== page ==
P.E.I. native killed in snowmobiling accident in Quebec last weekend

Published on March 9, 2017

The late Blaine James, 53, of St. Peters Bay and Montague.

©TC MEDIA/Submitted photo

CHARLOTTETOWN, P.E.I. - A native of P.E.I. is dead after his snowmobile collided with a train in Quebec on Saturday.

Blaine James, 53, a native of St. Peters Bay and Montague, was at the head of a group of snowmobilers who were travelling on a path, said a Surete du Quebec spokesperson.

The man was struck by a two-locomotive train at a crossing. The SQ said there is a stop signal at the location where the collision occurred shortly after 1:30 p.m.

He was rushed to Amqui hospital where his death was later reported.

A family member says the death comes as a shock.

Barry James said his brother lived his life without regrets, died doing what he loved to do.

“When he got stressed out he would say, “Guys, it’s time to go fishing’ or “go snowmobiling” and then come back to whatever the problem was,’’ Barry James told The Guardian on Thursday.

“Some people get tense or they take it out on people. Whenever it got to a high stress situation, he’d be off to P.E.I. for goose hunting with our cousin in Morell, whatever the season allowed.’’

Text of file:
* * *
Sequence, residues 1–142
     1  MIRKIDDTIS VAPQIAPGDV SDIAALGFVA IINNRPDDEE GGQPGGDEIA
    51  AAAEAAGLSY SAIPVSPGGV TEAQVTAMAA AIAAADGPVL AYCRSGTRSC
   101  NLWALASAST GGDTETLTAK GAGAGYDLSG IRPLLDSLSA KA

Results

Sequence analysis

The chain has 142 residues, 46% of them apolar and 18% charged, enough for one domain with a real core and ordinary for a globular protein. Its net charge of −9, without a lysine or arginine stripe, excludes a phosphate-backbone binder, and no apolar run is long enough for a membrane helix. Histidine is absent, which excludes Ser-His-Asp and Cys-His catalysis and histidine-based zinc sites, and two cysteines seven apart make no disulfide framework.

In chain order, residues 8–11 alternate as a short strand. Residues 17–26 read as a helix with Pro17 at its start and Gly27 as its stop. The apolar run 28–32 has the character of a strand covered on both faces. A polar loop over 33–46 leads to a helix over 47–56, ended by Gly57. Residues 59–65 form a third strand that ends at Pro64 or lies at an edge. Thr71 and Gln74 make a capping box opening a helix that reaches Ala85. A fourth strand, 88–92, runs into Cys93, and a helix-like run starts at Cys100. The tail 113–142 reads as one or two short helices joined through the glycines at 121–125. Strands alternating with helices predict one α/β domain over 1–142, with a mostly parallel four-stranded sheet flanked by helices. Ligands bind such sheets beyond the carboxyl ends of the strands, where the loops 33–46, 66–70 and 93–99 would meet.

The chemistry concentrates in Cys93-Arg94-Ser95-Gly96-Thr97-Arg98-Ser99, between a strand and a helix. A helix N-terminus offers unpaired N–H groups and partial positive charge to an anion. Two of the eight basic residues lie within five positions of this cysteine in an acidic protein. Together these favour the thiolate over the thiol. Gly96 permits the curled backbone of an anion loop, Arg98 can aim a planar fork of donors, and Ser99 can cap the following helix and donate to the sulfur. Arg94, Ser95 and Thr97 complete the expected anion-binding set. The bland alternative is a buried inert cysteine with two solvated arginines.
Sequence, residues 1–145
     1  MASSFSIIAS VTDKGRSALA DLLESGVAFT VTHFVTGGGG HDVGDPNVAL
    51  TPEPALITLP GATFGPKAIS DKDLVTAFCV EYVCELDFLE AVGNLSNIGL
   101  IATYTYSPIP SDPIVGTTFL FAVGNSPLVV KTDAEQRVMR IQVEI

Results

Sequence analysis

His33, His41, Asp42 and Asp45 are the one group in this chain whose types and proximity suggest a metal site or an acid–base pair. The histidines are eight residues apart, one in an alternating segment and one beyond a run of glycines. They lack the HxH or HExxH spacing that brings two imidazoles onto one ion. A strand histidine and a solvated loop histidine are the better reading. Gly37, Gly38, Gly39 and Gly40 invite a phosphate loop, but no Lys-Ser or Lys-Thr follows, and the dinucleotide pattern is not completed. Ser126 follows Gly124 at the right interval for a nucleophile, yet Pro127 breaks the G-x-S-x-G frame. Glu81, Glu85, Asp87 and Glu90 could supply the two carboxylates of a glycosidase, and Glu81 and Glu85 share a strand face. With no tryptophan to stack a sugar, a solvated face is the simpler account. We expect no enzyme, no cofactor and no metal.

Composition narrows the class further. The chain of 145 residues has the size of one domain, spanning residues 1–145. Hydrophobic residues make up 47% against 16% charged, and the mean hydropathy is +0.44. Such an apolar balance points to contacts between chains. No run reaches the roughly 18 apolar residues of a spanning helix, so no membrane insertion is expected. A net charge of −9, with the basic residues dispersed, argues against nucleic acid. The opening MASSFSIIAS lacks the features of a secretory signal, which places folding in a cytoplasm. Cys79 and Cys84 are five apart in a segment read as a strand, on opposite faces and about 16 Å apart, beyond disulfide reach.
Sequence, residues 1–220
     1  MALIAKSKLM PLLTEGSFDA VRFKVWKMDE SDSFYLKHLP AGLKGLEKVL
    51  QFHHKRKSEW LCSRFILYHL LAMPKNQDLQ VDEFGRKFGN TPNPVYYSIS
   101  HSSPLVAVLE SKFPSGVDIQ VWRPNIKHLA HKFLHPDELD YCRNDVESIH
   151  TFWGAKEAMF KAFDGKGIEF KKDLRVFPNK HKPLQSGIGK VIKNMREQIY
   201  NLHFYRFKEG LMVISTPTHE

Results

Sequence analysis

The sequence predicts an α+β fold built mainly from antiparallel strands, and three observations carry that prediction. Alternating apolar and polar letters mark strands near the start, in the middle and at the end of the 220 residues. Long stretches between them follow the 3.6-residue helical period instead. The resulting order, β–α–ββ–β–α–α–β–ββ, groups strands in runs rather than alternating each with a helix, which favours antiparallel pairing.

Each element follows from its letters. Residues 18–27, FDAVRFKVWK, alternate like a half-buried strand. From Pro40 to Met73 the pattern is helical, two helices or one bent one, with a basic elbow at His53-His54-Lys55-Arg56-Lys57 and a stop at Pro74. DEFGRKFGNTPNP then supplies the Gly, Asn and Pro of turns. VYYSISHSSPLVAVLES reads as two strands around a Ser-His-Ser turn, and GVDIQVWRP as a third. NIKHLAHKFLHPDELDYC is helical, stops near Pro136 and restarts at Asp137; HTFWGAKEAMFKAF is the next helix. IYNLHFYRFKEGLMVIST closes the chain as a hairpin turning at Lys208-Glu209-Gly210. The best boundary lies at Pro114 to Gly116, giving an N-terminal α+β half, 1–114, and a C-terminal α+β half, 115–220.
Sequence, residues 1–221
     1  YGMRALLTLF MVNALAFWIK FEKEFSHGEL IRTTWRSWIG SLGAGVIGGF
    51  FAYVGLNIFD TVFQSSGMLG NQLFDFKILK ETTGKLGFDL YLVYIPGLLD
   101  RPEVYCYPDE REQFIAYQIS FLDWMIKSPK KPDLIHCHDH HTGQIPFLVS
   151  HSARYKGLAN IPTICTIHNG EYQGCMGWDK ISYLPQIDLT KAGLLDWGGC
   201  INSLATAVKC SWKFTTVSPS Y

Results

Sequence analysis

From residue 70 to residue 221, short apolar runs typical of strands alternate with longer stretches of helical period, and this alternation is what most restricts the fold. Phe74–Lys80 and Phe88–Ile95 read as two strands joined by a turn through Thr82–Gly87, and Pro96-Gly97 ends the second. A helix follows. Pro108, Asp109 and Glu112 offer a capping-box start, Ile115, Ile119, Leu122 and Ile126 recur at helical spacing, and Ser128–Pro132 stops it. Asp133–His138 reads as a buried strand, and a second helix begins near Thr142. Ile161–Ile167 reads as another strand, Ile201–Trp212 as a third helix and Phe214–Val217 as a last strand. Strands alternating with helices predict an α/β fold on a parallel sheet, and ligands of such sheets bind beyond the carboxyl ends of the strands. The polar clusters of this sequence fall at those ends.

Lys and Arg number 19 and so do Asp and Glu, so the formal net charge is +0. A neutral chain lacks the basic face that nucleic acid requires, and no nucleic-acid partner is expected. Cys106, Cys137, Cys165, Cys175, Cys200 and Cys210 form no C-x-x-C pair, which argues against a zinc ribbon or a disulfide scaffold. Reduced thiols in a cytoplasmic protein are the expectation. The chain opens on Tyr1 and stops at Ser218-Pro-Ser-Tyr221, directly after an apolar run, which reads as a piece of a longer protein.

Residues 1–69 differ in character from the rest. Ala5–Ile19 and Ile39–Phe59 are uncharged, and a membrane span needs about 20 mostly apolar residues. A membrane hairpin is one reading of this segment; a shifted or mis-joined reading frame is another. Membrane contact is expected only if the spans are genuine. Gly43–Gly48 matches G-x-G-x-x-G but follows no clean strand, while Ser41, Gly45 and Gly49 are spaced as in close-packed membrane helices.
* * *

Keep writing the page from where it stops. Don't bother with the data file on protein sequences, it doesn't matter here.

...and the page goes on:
Blaine Bruce James had been living in Herring Cove, N.S., owner of the Seascape Building Maintenance company, which is responsible for cleaning large office towers, including Bell Aliant on P.E.I.

He was an avid sport fisherman of shark and tuna and was past president and founding member of the Nova Scotia International Tuna Tournament.

Terry said his brother was also well known for hosting his annual community music festival at his cottage in Brudenell.

“He entertained the neighbourhood with a day of music each year. He even put in trailer hookups so people could come and stay. He probably had 15 trailer hookups in there. He’d have a couple of hundred people stay there (including some in tents).’’

Barry said his brother grew up in St. Peters but moved to Montague in his teens. Even though he moved to Nova Scotia 20 years ago, he spent as much time in P.E.I. as he possibly could.

“He was a great guy. He always had a smile on his face, a real pleasant guy. If he wasn’t that kind of guy he wouldn’t be having that kind of community party, that music festival. He was an outgoing generous guy.’’

Blaine Bruce James was predeceased by his parents, Wallace and Margaret (nee Downe) and is survived by his wife, Laura Lee (nee Irons), and son Tanner. He is also survived by brothers Brian, Terry and Barry and sisters Debbie and Cheryl.

A memorial service will be held at Halifax Exhibition Park, the Prospect Room, N.S., on Tuesday, March 14, at 1 p.m.


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